it’s what we make of it

Dear all,
Here’s hoping this February finds you with recharged energies and tons of exciting projects.
I am writing you from Copenhagen, where I figured today’s wintery sunshine was an excellent reason to catch up with some of my latest adventures, so hold on tight, because poetry is about to take over:

My book Det usynlige sår was released in November and since then I’ve received very positive commentary from a newly-found Danish audience. I’ve heard it talks about narrations from the end of the world. Who woulda thought.
If you speak Spanish or Danish, you can acquire it here.
If you don’t speak either of these two tricky languages, here’s a sneak-peek of some of the illustrations I created for this book:

So, then some news about English publications would be an appropriate way to follow the conversation, right?
I am delighted to announce that not one but TWO new books of poetry, this time in English and German (ooo, fancy), are coming out this year with the wonderful MOLOKO PLUS, with translations by Klaudia Ruschkowski. The first book will come out this spring, titled “The ways of the firefly“. (stay tuned, because this is coming very soon and I’ll make a fuzz about it!)

Now, the second book I can give you a bit more details on, because I would love it if you could join me for the release and it requires traveling:

It is titled “Would You Like to Come Home?“, a collection of poetry I wrote in a meditational/trance-like/cut-up technique series of exercises in Marielyst last summer, inspired by various Books of the Dead (and my love for the cut-up technique and Burroughs of course). Ok, I’ll say it. It’s my very own Book of the Dead. It of course comes with its own illustrations:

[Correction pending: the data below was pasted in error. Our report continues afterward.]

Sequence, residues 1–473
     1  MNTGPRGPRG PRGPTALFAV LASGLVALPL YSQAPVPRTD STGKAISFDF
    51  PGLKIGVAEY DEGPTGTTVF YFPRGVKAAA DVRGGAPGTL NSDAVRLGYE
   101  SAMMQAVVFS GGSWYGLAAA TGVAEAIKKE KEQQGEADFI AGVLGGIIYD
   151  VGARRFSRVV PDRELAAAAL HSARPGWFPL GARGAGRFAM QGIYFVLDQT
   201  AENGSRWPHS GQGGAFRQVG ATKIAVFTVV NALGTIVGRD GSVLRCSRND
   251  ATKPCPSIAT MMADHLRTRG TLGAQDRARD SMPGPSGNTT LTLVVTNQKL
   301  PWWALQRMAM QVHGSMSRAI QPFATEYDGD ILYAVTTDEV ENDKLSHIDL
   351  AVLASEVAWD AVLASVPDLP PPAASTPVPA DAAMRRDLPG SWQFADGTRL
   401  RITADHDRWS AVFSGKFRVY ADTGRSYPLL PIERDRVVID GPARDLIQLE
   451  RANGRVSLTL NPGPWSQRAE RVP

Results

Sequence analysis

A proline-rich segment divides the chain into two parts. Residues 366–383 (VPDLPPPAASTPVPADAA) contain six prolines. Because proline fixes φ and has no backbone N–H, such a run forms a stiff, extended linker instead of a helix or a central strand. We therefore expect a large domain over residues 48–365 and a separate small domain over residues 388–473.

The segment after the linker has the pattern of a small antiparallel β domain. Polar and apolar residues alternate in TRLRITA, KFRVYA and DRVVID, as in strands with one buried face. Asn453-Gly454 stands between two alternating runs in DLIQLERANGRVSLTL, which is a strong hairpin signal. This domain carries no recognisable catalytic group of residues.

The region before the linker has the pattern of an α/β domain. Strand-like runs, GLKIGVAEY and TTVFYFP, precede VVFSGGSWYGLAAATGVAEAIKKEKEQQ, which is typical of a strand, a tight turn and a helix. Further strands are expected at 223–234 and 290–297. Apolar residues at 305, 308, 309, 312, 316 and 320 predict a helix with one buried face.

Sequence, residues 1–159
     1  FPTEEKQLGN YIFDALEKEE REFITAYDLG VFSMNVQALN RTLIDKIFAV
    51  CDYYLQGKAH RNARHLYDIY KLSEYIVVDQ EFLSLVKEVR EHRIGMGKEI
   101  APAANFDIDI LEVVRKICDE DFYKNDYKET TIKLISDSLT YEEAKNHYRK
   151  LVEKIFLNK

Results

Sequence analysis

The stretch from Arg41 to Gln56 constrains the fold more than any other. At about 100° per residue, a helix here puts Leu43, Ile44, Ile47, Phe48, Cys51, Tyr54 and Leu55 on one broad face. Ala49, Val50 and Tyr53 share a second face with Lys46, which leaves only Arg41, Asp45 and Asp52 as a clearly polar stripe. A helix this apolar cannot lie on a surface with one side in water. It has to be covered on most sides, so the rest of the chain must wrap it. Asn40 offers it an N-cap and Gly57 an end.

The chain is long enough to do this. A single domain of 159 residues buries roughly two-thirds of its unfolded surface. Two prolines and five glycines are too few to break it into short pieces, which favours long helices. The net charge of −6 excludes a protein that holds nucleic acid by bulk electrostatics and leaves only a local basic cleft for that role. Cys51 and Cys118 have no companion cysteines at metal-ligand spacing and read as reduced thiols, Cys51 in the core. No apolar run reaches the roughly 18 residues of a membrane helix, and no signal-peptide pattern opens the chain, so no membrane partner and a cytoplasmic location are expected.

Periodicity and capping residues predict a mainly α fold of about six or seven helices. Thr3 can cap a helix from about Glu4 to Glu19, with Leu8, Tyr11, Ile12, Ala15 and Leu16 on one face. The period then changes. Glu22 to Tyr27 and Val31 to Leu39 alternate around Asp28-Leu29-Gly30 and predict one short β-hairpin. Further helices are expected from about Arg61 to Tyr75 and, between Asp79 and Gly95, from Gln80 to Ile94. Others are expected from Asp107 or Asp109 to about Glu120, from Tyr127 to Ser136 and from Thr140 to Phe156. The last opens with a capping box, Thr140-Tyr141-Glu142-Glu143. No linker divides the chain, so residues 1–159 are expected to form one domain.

This book is leading its own way and finding its own place so very naturally, that academic and professor of American literature Oliver Harris agreed to read it and has now written a beautiful introduction for it. And guess what? We’ve agreed to host a release presentation this September in Paris, when the 60th anniversary of the cut-up technique is celebrated by The European Beat Studies Network, where me and fellow Burroughs/Beat collectors & admirers, poets and worldthreaders will be celebrating the, uh, connections and collections.

This is the way, would say the Mandalorians.
Soon I will be announcing additional publications, a couple of anthologies where I am being included and this year’s list of festivals and events. It seems it will be a European-focused year.

In the meantime, may I invite you to check out the podcast I’ve been hosting? The Red Transmissions Podcast aims to document the work, behind-the-scenes moments and creative process of the incredibly interesting characters in my (our) network, be it in Copenhagen, New York, or around the world. Today I am posting Sofi Oksanen’s interview, and previous to that you can learn of a Norwegian contortionist, Elise Bjerkelund Reine, who has started a circus festival here in town, where you can without a doubt find me later.

Thanks for your support,


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